- I’d order this a la carte, and if you like the Filet Beef Luc Lac at Phnom Penh, there’s a good chance you would appreciate this. The flavour is different, but the beef is just as tender.
- The free range chicken marinates in a brine before it is deep fried and cooked.
- The skin is very crispy and you can eat it with the Worcestershire sauce or salt served along side.
- Popularly known as Honeymoon Fried Rice, or Ying Yang fried rice, this is my favourite rice to be served at a Chinese banquet dinner.
- Usually it will be plain fried rice, so this is a bonus.
- It’s pretty much comfort food, very kid friendly, and also very “Western palate” friendly.
- The sauces are served on a bed of fried rice, and any rice covered with so much sauce, is a winner for me.
- Almost everyone prefers the cream side, but I like the tomato side better and I like to mix the two sauces. It’s not “weird” just think of adding cream to a tomato sauce for a creamy tomato sauce.
- The cream side had fresh prawns and sliced asparagus and it’s not rich like a bechamel sauce, although some versions of it can be. This one had perhaps less cream and butter and some places will use those ingredients as well as cheese, but the cheese is rare.
- The flavour of the cream sauce is supposed to have a slight seafood flavour too.
- The tomato side had lots of sliced chicken, stewed tomatoes and onions. It’s more tangy than sweet, but there is a slight sweetness to it. It’s not like sweet and sour sauce, but more like a tomato sauce.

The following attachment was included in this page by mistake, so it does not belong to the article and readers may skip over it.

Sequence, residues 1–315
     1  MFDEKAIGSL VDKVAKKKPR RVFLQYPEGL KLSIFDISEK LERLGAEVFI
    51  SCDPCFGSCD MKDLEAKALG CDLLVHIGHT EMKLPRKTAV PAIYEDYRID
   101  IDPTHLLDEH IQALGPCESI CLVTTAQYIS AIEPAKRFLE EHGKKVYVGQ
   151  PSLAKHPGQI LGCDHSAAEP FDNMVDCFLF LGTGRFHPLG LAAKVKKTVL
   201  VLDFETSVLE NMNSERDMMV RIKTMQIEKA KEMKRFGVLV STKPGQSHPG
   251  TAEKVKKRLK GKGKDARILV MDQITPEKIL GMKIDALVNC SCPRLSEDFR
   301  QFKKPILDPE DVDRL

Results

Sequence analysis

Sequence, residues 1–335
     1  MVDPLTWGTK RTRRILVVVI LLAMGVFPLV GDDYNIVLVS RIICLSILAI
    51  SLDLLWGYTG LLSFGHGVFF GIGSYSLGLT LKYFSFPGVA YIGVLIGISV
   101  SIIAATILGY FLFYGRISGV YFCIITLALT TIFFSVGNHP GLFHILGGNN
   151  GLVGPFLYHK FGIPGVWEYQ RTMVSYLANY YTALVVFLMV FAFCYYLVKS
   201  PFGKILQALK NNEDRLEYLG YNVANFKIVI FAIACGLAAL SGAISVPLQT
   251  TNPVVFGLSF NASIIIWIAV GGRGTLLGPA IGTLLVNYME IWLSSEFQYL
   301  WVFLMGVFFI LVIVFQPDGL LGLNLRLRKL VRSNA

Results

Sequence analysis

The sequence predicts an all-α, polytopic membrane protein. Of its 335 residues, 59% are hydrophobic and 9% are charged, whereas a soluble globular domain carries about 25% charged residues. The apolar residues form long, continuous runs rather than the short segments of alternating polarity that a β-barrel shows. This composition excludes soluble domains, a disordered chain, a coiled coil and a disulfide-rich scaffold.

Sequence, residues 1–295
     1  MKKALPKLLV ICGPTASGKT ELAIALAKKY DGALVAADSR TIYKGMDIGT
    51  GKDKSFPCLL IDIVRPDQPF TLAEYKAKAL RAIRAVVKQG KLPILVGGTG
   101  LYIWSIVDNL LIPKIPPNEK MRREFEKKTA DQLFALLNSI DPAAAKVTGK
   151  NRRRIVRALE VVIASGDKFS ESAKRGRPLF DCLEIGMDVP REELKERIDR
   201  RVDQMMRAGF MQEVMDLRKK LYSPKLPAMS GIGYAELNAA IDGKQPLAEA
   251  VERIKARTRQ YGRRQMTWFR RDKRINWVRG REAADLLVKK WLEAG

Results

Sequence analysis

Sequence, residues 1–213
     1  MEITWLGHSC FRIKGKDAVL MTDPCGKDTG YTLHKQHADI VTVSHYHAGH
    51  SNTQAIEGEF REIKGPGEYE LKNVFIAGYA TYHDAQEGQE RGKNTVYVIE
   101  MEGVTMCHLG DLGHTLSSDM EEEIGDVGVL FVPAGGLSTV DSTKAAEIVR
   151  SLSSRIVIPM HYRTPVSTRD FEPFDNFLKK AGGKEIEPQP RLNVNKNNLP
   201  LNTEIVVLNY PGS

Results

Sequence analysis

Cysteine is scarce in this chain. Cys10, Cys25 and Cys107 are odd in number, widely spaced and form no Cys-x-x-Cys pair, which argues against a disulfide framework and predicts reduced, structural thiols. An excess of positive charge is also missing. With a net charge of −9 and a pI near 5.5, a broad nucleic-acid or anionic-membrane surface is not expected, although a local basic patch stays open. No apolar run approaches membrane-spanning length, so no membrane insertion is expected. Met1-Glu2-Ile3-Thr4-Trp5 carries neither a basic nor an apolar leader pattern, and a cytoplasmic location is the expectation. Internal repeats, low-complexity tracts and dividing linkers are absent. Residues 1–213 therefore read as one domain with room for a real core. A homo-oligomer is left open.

- This is an unusual dessert to come at the end of a banquet, but it was a great change from the expected red bean soup, which I really dislike anyways.
- I’m actually not a fan of Chinese desserts in general, but anything nutty I don’t mind. So hot Chinese almond soup or walnut soup I actually am okay with.
- It’s not very sweet, like most Asian desserts, and it’s made of walnut paste so the texture is smooth, but still somewhat gritty from the walnut paste/powder.
- It’s not very rich, but it is creamy and quite aromatic in walnut flavour.
- Popularly known as “Dainty Two’s” this is a traditional Chinese dessert that comes after every banquet style menu.
- Coconut Almond Cookies
- The cookies were coconut almond cookies instead of just almond cookies and they were topped with whole almonds and a bit of jam which was different.
- It’s a dry crumbly nutty cookie made with ground almonds and dried coconut.
- Laughing Sesame Ball Cookies
- They’re essentially deep fried balls of dough rolled in sesame seeds.
- They’re not bready or like donuts at all.
- They’re nutty, dry, crumbly, crunchy on the outside and still somewhat hard on the inside.
- They’re very mildly sweet and the crack in them is supposed to resemble a smile or laugh, hence the name.